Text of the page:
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Summing up the feud in the title was quite difficult, although really it was Dustin Rhodes feuding with Bunkhouse Buck (Golden) and his manager Col. Robert Parker. Parker first introduced Buck in March of 1994 as a bit of a maniac who had the hair near his forehead gelled together down into a point and wearing braces generally looking a bit menacing. Buck would be into a program with Rhodes without much fanfare on TV but one that would see them compete in a “Bunkhouse” match at the highly entertaining Spring Stampede. Both would work incredibly hard to contribute a bloody brawl to the show. Unsurprisngly, Buck as the heel would win the match using brass knuckles.
May arrived and so did a Texas Bullrope Match at Slamboree. Both worked hard within the remit of the match, but it was more noteworthy for what happened after Rhodes got his win back, as Terry Funk would come out afterwards and join up with Robert Parker's expanding stable. So Rhodes needed a partner for the inevitable tag team match (that would ultimately take place at the Bash of the Beach). He turned to the right honourable, trust-on-your-life Arn Anderson as a tag partner, Anderson promised he would bring back the old Anderson at the Bash, he was right.
11 minutes into their Clash tag match, Rhodes would get the hot tag to Anderson, who stepped in the ring and nailed Rhodes with a DDT, aligning himself with Parker, Buck and Funk. It's lonely at the top if you're a Rhodes, which is why Dustin would turn to his own father as a tag team partner for the Clash in August. Their match against Buck/Funk wasn't much to write home about, but the finish saw Meng (formerly Haku of WWF fame) come out and confront Dusty Rhodes. Rhodes hit the bionic elbow on everyone else, but went to ringside and got a folding wooden chair and nailed Meng over the head with it. Meng no sold it and the chair hung on him like a necklace. It should've been the opening chapter in a seriously dominant run for the Meng character, who would finish the segment having Dusty in an incredbly painful nerve hold.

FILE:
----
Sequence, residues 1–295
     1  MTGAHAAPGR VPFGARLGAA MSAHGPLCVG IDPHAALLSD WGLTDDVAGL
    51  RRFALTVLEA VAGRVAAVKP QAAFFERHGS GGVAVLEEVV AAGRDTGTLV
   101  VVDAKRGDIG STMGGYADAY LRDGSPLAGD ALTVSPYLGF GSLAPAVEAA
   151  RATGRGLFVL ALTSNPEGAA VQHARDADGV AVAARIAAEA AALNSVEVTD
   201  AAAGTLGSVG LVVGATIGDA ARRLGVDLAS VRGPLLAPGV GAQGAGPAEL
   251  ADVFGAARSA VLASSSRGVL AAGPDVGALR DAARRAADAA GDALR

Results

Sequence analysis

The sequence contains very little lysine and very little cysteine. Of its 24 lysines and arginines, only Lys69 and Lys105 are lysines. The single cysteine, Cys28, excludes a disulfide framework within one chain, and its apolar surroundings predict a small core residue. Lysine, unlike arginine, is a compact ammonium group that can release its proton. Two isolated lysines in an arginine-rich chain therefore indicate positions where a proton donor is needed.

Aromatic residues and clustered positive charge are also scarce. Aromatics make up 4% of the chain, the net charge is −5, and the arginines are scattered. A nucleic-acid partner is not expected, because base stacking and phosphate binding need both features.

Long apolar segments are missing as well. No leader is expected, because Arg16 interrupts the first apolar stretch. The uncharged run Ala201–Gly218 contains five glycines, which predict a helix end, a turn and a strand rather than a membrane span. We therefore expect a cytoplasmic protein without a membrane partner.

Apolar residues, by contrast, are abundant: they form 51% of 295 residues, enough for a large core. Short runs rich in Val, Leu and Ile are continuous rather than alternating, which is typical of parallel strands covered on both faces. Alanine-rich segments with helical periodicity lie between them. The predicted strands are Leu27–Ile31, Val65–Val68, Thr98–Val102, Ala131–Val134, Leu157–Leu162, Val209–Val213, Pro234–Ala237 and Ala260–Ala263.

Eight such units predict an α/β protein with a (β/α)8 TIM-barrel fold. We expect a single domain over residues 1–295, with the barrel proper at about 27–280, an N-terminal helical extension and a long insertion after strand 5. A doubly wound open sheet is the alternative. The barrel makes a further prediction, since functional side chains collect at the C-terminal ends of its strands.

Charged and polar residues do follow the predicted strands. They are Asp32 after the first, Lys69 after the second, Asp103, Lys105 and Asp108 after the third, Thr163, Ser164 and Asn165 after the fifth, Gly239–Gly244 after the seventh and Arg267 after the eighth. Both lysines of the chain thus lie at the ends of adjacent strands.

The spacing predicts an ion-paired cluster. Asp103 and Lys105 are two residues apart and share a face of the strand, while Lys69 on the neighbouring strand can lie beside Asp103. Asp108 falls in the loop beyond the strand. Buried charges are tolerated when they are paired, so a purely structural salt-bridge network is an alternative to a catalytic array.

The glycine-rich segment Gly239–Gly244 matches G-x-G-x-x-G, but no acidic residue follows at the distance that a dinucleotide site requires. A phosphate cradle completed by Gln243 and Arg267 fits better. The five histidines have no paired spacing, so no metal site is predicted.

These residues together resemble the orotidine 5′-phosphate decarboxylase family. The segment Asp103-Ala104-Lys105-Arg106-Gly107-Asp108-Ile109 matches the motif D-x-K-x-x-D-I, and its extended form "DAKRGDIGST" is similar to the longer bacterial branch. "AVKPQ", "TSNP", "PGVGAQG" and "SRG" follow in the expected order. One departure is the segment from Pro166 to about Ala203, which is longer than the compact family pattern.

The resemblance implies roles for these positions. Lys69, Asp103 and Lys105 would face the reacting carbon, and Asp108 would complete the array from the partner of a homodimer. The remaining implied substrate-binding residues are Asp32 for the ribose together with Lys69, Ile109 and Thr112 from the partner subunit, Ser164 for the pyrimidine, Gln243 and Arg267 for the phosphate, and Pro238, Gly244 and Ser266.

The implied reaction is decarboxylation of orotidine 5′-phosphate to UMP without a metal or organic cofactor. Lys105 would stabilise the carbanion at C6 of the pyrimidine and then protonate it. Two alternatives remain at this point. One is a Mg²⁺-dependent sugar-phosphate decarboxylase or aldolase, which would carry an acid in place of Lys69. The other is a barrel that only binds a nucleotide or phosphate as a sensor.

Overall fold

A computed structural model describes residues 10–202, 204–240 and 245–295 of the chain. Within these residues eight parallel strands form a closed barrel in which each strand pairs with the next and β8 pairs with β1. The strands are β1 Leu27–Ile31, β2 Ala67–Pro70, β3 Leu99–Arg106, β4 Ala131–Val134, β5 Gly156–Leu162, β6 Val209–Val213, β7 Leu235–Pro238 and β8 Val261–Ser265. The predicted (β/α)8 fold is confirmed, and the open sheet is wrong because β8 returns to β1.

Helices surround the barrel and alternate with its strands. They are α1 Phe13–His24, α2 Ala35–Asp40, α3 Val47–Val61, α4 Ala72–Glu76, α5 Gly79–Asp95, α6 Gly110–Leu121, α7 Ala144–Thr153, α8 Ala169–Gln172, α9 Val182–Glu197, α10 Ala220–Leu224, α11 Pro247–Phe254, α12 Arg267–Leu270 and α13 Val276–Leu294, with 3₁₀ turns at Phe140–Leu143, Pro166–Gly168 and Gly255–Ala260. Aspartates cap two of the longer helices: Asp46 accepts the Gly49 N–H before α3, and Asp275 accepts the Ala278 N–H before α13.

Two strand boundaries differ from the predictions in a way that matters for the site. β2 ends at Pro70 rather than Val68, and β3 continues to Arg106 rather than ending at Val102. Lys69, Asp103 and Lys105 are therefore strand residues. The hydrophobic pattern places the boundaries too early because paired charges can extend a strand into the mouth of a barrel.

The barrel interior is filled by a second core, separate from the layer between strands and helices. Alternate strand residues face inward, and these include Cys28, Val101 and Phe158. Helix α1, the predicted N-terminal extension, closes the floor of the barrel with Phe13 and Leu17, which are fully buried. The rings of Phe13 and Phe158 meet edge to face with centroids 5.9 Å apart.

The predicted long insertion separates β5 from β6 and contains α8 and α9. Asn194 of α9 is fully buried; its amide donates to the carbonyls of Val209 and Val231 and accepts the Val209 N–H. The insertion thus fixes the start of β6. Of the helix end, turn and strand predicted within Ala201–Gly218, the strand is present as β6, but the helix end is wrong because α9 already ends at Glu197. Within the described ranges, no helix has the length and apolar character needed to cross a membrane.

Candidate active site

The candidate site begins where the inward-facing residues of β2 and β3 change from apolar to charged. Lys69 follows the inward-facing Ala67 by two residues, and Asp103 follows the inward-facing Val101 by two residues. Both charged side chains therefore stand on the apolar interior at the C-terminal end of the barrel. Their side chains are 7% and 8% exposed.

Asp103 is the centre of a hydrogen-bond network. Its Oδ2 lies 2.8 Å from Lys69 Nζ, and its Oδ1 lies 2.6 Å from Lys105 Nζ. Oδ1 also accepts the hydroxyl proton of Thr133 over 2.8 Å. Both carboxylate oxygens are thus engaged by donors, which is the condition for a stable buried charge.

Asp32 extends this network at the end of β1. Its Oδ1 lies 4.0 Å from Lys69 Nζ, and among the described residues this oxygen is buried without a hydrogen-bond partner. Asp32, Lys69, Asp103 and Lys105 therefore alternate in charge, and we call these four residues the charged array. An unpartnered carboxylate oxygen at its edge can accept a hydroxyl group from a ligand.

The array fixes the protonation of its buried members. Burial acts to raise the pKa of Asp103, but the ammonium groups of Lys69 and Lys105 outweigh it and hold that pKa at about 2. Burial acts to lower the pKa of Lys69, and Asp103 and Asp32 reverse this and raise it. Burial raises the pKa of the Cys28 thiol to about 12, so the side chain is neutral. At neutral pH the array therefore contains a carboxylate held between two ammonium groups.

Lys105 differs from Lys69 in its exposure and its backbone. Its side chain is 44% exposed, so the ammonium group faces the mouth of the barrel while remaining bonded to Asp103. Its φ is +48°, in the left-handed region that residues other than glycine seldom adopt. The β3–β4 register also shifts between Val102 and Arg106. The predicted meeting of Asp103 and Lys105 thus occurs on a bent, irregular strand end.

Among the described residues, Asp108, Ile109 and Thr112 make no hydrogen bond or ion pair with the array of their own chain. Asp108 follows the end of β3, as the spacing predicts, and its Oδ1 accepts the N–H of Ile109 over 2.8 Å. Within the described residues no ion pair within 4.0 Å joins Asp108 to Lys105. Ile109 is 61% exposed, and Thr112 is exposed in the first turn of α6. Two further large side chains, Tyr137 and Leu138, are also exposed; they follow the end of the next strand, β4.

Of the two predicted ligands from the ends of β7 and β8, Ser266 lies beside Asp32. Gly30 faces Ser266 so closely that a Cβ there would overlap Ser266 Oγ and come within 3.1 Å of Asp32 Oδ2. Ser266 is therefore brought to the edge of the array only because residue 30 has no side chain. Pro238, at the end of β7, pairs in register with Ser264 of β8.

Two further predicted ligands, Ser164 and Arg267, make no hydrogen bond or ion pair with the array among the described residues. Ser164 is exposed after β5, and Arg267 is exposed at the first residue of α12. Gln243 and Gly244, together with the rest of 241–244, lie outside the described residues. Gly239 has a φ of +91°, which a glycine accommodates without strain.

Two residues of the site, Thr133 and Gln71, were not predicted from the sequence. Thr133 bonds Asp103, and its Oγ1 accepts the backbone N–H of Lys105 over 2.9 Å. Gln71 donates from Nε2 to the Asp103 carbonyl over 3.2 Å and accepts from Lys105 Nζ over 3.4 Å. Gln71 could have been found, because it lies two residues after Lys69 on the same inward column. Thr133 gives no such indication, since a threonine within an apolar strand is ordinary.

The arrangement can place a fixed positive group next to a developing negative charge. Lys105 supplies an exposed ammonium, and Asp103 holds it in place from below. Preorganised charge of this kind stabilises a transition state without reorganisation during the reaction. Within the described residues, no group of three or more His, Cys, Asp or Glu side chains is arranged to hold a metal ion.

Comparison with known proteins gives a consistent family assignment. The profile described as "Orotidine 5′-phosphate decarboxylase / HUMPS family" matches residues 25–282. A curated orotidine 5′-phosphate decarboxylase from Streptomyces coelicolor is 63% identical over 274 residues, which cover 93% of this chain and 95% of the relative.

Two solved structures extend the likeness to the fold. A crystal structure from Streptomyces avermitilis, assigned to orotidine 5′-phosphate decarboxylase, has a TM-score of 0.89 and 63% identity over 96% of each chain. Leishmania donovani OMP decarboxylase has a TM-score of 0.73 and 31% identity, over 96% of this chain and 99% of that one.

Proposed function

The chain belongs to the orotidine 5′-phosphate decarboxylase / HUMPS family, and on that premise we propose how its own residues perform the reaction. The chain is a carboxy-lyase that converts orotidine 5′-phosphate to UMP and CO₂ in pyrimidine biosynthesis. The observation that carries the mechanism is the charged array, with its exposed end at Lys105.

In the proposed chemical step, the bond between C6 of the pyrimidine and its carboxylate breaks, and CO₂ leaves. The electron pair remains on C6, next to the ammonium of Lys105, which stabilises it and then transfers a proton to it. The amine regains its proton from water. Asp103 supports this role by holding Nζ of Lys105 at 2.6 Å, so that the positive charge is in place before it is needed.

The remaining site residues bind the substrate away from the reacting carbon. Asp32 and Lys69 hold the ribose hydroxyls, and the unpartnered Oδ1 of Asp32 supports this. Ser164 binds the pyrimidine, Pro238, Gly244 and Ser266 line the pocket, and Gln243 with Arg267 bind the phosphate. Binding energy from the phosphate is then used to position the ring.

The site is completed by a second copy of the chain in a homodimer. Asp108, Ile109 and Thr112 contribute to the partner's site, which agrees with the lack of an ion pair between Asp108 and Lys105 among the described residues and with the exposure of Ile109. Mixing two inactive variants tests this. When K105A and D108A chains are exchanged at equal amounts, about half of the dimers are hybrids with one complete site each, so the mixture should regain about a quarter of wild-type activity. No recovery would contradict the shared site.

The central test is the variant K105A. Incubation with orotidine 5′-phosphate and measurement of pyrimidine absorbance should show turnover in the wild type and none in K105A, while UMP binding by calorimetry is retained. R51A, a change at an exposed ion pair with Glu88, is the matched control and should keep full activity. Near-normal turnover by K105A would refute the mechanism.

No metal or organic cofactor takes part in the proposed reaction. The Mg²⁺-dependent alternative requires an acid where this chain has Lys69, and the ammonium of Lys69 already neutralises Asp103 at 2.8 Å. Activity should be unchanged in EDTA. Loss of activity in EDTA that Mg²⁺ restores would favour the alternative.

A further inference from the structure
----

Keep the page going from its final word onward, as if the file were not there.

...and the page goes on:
September came as the feud rumbled on (if you're keeping score, it's Dustin and Dusty vs Meng, Anderson, Parker, Buck and Funk). We get to Fall Brawl, specifically War Games, and Hogan and the storyline suspended Ric Flair are having a month off, so the program got top billing in War Games. But the Rhodes needed two partners, so Dusty Rhodes did the only logical thing and took a trip into the Nasty part of town, and in one of the more memorable WCW TV moments of the year went to a bar where he challenged Knobbs and Sags to prove they were up to the challenge. They laid waste to most of the patrons in the bar and an unlikely quartet was formed.
Now, you'd think Parker's Studd Stable (given that there was four of them not including Parker) would have no issue putting a team together for the four on four cage match. Inexplicably, the company decided that Parker should replace Meng in the match, which unsurprisingly lead to the babyface team winning, with Dusty submitting Robert Parker in a match memorable for Meng looking menacing on the outside and Terry Funk getting piledriven between the two rings. After the match (in a segment that didn't air until WCW Saturday Night the next week), Meng laid waste to both Nasty Boys backstage in the locker-room with the Rhodes' nowhere to be found.
The feud finally wound down at Halloween Havoc. No, WCW never seemed to follow up on the Meng angle at the Clash (it was one of their better moments of 1994). Dustin defeated Arn Anderson by roll up, and in (for me, at least) one of the more fun matches of the year The Nasty Boys defeated Buck and Funk in a riot of a tag match that ended in Sags piledriving Funk onto a pumpkin.
Writing this blog was necessary to say this was a great feud or a bad one – it frustrated and entertained in equal measure, but it was a feud that ran from March really until the beginning of November and pulled a lot of participants into its gravitational field. It gave a lot for Dustin to sink his teeth into and a lot of good matches, but failed in wrapping a coherent story in which he could definitively come out on top of. Even in the War Games match, the attention was on his father who submitted Parker.
WCW also missed a big opportunity with Meng. Not that he was necessarily anything special, but they'd built him as a machine, and he could've been the kind of guy to get a one and done match out of Hulk Hogan at Starrcade had they have built him as hard as his night at the Clash suggested they might.
But this was a fun little program that got a lot out of guys that otherwise might have done very little. Terry Funk was never used all that heavily in this role, but was highly entertaining at every step. Bunkhouse Buck showcased another side of himself, and Arn Anderson got a chance to go back heel. All in all, good stuff this one.